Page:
A leading German conservative levelled sharp criticism at the European Central Bank on Sunday, describing further purchases of euro zone sovereign debt by the bank as toxic.

Alexander Dobrindt, deputy leader of the Christian Social Union (CSU), told Die Welt newspaper that he rejected continued intervention by the ECB on debt markets to push down borrowing costs for debt-saddled states.

I find it dubious that the (ECB) is always buying new sovereign bonds from indebted states, Dobrindt said in comments to be published on Monday.

He who covers himself with rotting paper eventually ends up with a toxic shock, said Dobrindt, whose party is the Bavarian variant of Chancellor Angela Merkel's Christian Democrats and one of three in her centre-right coalition.

The ECB has reluctantly carried out its bond-buying program since 2010, totalling some 187 billion euros so far. But it has shown little sign of shifting into a higher gear even as countries like Italy risk being shut out of commercial markets.

The bank's policymakers have rejected international calls to intervene decisively to shore up the euro zone, but recent volatility in regional debt markets has made a decision on a bigger role for the monetary authority more pressing.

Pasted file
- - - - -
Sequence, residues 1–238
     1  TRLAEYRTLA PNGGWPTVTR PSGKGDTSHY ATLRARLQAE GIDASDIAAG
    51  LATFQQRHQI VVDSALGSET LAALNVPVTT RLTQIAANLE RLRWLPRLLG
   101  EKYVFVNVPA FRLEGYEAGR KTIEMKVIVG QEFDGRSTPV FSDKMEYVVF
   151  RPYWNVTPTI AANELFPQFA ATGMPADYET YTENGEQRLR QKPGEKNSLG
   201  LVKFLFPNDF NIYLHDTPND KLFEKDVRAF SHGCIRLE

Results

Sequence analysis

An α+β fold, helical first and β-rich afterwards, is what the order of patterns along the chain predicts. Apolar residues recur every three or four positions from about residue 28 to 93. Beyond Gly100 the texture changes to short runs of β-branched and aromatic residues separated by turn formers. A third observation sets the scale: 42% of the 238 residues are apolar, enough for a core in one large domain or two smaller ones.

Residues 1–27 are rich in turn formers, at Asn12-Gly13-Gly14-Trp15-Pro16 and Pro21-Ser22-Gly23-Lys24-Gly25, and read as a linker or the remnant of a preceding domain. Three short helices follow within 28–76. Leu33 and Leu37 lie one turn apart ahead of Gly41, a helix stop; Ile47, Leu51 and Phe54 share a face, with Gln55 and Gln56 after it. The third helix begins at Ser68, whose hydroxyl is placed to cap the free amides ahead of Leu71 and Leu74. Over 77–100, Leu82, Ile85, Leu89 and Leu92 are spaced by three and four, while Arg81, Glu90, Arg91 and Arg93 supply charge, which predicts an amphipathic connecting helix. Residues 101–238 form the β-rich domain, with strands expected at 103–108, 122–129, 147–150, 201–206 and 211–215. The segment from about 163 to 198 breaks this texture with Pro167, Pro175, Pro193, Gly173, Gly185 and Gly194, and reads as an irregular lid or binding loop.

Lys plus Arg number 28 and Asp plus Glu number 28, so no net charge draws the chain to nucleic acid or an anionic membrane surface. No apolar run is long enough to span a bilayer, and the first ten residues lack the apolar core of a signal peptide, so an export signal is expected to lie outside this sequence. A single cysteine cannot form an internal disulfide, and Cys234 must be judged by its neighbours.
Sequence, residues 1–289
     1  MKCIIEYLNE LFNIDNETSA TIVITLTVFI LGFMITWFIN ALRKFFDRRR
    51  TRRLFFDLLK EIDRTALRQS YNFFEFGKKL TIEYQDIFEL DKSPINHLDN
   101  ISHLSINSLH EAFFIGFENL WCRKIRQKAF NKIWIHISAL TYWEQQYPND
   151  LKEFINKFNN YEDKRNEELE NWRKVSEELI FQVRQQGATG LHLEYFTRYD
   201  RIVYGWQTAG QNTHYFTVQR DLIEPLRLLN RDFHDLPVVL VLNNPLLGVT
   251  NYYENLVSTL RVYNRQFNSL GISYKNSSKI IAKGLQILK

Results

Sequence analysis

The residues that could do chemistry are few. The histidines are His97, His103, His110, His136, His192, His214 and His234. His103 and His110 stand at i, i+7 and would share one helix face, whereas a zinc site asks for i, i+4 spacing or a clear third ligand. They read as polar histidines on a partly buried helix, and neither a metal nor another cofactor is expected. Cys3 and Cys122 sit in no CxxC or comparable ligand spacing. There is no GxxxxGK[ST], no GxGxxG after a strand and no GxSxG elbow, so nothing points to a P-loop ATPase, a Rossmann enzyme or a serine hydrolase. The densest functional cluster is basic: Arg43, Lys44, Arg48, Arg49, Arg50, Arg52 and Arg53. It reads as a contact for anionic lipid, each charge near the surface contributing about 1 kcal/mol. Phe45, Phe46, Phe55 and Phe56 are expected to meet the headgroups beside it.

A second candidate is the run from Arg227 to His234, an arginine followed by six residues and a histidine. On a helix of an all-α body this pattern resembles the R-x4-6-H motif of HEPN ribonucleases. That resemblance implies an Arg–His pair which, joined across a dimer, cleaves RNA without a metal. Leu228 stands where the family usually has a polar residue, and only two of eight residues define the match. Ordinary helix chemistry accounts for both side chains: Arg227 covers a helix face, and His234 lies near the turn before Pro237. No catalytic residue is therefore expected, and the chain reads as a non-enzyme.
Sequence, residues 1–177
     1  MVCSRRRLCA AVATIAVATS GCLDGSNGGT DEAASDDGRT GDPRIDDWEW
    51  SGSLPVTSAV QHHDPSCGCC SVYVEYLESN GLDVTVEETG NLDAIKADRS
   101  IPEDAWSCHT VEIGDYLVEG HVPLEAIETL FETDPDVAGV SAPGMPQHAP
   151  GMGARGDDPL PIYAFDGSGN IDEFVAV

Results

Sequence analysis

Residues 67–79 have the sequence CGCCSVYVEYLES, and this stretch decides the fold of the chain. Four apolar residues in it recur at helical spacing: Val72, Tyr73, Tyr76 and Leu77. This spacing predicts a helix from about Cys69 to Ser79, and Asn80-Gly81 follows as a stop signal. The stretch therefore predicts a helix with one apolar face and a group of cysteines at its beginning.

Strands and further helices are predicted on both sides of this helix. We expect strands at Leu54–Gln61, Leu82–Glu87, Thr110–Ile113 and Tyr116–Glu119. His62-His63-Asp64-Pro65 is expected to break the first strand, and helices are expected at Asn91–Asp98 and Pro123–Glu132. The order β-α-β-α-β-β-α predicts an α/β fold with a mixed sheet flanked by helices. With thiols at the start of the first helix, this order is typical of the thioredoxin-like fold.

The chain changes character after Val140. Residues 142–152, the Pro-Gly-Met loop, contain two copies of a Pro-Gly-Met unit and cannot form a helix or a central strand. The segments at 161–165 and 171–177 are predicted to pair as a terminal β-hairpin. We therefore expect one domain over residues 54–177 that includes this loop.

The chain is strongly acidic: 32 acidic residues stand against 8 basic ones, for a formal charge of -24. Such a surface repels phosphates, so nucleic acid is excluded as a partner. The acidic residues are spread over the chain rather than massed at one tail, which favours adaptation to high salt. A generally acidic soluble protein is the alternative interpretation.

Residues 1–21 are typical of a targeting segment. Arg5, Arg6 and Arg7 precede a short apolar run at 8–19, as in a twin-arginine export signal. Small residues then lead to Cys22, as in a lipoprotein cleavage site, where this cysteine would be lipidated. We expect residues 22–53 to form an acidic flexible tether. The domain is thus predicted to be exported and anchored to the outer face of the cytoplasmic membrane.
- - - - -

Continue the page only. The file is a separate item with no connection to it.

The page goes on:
In his first news conference as the new ECB president earlier this month, Mario Draghi offered no commitment to scale up the bank's bond-buying, instead describing it as limited.

In comments to Die Welt, Dobrindt took issue with this, accusing Draghi of stepping up the programme: in a highly problematic debut, he drastically accelerated purchases of debt from crisis states, he said.

We would never have agreed to a European Central Bank if we had suspected it would one day be run Italian-style, he said, referring to German fears of loose monetary policy leading to spiralling inflation.

Dobrindt also underlined his support for higher voting rights for Germany in the ECB, saying it was unfair that Germany bear almost 30 percent of the financial responsibility but have only the same weight as other euro countries.

(Writing by Brian Rohan; Editing by Elaine Hardcastle)